In many such a scenarios, all that local communities hoped to get was the cash generated as annual rent for the few acres that formed the compounds of the tourist resorts. In some cases, the communities also got a certain percentage of the revenue generated annually from selling bed-nights to tourists. The communities did not have a way of determining this and relied on the investor to be forthright and truthful.
Blow by blow, the report continued to paint a gloomy picture of the reality of ecotourism. Interestingly, it stated that some of the legal agreements are fashioned in such a way as to make it almost impossible for communities to disengage from them even when the deals go sour. Examples are areas near the Kenyan coast where communities had accused an investor of not sufficiently marketing the conservancies, but remained entangled in the partnership and could not disengage.
The study also offered evidence that in cases where conservancies are run exclusively by private investors, they have ended up offering ”minimal activities,” which translates into minimal benefits for local communities. As to whether ecotourism concerns create meaningful employment for local communities, the report said that the six sampled facilities employ between 12 and 50 local people each which constituted between 0.2% to 7.3% of populations in the various group ranches. Furthermore, most of those employed worked as untrained hands to perform such tasks as providing security for animals and tourists or to do menial tasks around the camps.
It was also evident that through acts of commission and omission, lawyers as well as representatives of respected environmental organizations, UN bodies, wildlife conservation organizations, and even national wildlife management corporations, had played a role, by either brokering such lopsided pacts or ensuring that they are upheld. Although some may have been driven by a genuine desire to halt the degeneration of key ecosystems in Kenya and elsewhere, they had nevertheless gone ahead to broker agreements that gave communities less lucrative deals that did not specify how liabilities ought to be shared out between the investor and communities.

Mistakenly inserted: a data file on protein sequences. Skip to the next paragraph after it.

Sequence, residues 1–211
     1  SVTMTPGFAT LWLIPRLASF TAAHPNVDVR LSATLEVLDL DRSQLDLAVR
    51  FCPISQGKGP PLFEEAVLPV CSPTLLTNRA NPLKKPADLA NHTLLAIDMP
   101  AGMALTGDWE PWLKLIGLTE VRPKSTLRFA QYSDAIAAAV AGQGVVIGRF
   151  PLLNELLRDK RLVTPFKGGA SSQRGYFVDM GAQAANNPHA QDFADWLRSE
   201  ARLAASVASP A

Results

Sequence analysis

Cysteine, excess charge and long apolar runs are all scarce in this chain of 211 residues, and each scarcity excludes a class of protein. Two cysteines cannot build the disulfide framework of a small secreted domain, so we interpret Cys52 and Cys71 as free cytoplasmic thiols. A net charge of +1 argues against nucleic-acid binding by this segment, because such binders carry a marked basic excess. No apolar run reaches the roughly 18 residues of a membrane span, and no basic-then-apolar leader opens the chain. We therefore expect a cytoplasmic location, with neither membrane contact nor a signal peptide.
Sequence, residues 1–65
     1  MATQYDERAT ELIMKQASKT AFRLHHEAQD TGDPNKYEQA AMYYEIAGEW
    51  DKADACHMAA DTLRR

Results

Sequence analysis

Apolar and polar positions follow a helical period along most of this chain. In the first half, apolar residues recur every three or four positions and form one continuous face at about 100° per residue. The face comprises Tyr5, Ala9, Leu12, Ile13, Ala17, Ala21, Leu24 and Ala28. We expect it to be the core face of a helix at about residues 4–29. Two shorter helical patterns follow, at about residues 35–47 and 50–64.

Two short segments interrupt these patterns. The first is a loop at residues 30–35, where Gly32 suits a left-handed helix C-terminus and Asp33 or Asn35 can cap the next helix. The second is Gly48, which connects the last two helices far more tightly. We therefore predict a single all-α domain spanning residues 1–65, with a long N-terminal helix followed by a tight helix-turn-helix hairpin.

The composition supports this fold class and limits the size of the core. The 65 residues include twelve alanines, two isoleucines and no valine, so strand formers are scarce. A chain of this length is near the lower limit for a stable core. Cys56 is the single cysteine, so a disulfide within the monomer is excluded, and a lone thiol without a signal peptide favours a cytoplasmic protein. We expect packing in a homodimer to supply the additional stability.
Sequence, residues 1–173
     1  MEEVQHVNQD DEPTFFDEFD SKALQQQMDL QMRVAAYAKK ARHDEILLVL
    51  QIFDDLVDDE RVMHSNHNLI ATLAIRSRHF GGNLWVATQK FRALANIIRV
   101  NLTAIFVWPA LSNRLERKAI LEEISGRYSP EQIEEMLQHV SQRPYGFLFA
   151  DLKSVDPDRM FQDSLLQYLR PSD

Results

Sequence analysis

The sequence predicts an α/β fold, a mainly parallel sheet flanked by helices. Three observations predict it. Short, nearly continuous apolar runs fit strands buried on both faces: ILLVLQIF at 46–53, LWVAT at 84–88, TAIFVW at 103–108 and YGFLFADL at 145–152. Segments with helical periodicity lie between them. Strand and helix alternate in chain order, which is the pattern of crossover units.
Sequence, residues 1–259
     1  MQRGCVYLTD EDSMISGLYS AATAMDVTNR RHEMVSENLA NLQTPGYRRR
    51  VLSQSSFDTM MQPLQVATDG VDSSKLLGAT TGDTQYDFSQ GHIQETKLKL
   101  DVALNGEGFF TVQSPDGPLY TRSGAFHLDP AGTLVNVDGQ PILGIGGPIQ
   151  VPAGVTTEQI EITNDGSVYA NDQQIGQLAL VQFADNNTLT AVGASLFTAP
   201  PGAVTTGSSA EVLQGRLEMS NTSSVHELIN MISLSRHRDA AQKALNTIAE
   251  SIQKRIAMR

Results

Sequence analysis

As a result, there has risen disagreements on who ought to shoulder the responsibility of compensating tourists who get injured or killed by wild animals. Here, the example of a British tourist who was seriously injured by an elephant while jogging in a wildlife sanctuary comes to mind. The sanctuary was set up as a joint venture between local people and the owner of a ranch located near Mt Kenya. When the matter went before a Kenyan court, there was a dispute between the business partners as to who needed to shoulder the responsibility of paying the $1.5 million awarded to the tourist by the court.
Much of what happens in Kenya escapes the attention of a world fascinated by the virtues of ecotourism, in general, and particularly international tourists, who form the main clientele of such facilities. This is mainly because the owners of the tourist camps aggressively market them in flowery, attractive travel literature, which in a way, camouflages the actual situation.
These are difficult stories to report. My story, published in the EastAfrican in 2007, resulted in a lot of outcry and pressure on my editors. But I stood my ground. And now, I would like to invite Seattle residents to give their opinions on ecotourism. If you've participated in tours billed as "green" or helping the local economy or communities, what has been your perception? Do you think they are beneficial, or as beneficial as they could be? If you have not participated in this form of travel, would you consider doing so? Is ecotourism better than international travel without regard to ecological impact? Please give us your thoughts?